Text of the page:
Buying a home is an exciting and significant milestone in one's life. However, navigating the…
Metropolitan Mortgage Corporation understands that applying for a home mortgage can be an overwhelming prospect. That’s why our team is here to support you from when you start thinking about buying a home to getting your keys in hand. As mortgage bankers, we understand the loan process and are here to walk you through the eight steps of getting your loan.
1. Determine your budget
The primary consideration of a mortgage loan is this: how much can you afford? Lenders have a wide range of what they consider “affordable”; your job is to figure out a payment level that’s comfortable for you.
These are the basics for coming up with a housing budget.
- How much of a down payment can you make?
- The mortgage payment only includes the principal and interest payments. Estimated real estate taxes and homeowners insurance premiums are in addition to that number. The total monthly payment is the PITI (Principal, Interest, Taxes, Insurance).
- Can you put down enough to avoid paying a mortgage insurance premium?
- Don’t forget HOA dues and potential assessments.
- Houses are expensive to maintain. Be sure you keep enough in savings for repairs.
Once you have these numbers, you can determine how much house you can afford. Remember that just because a lender is willing to max out your mortgage loan doesn’t mean it’s a good idea.
2. Get pre-approved
Once you’ve determined a realistic budget and searched for homes online, it’s time to get pre-approved for your mortgage. At Metropolitan Mortgage, we will review your overall financial picture and issue you a pre-approval letter you can take to your realtor. A pre-approval letter is more important than a pre-prequalification letter because we are telling the seller that you meet our standards for a loan, and the only thing left to do is find a suitable house. This tool sets you apart from other buyers in today’s competitive Kansas City market.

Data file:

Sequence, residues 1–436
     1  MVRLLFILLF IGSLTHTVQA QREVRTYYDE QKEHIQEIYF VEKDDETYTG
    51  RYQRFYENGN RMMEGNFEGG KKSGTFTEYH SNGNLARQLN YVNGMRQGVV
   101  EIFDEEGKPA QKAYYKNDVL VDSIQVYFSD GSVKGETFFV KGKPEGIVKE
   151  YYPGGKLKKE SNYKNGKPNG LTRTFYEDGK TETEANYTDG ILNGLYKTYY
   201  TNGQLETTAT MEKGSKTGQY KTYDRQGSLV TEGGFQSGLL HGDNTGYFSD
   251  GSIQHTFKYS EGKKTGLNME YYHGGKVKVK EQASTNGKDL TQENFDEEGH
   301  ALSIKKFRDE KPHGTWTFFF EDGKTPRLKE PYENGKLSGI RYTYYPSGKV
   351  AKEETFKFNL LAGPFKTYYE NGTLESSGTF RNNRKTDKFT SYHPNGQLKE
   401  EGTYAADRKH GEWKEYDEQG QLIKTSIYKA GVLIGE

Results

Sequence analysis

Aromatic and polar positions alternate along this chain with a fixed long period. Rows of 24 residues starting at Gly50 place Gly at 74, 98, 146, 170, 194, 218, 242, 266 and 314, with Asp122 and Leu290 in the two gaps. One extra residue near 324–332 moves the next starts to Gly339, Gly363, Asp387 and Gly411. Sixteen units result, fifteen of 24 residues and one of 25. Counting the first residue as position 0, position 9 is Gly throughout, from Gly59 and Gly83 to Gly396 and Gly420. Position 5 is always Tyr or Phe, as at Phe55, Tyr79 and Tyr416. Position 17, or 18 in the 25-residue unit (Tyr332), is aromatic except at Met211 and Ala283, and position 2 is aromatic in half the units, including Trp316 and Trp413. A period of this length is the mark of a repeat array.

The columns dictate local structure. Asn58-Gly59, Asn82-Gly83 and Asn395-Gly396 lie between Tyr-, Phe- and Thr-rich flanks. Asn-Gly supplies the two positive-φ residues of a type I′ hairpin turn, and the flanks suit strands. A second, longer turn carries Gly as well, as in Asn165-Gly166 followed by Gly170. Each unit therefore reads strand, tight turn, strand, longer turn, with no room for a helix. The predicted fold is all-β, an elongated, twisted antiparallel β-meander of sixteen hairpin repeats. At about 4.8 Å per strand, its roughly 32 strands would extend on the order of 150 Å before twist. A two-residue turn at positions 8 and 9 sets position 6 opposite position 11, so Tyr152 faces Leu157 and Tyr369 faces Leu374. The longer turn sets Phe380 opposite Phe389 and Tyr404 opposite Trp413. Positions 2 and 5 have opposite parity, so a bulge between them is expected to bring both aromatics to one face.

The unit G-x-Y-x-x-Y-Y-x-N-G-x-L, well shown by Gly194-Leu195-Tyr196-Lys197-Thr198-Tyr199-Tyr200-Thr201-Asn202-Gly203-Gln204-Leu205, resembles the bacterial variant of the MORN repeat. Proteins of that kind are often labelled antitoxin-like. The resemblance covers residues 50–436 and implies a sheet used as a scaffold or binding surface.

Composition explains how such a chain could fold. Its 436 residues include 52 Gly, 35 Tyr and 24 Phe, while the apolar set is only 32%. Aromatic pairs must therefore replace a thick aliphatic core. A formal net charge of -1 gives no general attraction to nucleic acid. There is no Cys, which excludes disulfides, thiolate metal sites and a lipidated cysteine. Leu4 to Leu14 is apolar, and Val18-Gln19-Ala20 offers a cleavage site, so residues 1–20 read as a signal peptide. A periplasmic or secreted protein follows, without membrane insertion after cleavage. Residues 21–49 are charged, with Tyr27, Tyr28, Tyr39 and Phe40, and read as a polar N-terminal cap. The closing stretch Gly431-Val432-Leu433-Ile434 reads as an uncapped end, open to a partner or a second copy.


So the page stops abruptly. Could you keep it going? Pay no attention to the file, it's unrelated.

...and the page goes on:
3. Find a home and sign the contract
Now that you and your real estate agent are touring homes in person, you’re ready to find the right house and make an offer. The amount you’ll offer for the home is just the beginning of the offer process; your agent will structure the offer so that it’s appealing to the seller. They could suggest a larger down payment as a signal you are serious or present a contract with few contingencies—again, telling the seller that you want the home and are not going to nitpick the details.
The contract is effectively a road map to closing. During the mortgage loan process, you can check off the conditions of the approval, each one getting you that much closer to your new house keys.
4. Home Inspector
A home inspection is ordered by your realtor as soon as both parties sign the contract. Your real estate agent can place the order for the home inspection on your behalf, or you can do it yourself. This inspection is entirely separate from the appraisal, which assesses value. The inspector comes with their flashlight and coveralls and goes over every inch of the house. From crawlspace to attic, and may even get up on the roof. They’ll run the dishwasher and the HVAC to ensure they work properly, test the electrical system and validate it’s up to code, and check the plumbing and pipes, the foundation, and anything else in the house. The inspection can cost about $400 but can be more or less and depends on the age and size of the house. You can ask for repairs or financial concessions based on the inspection results.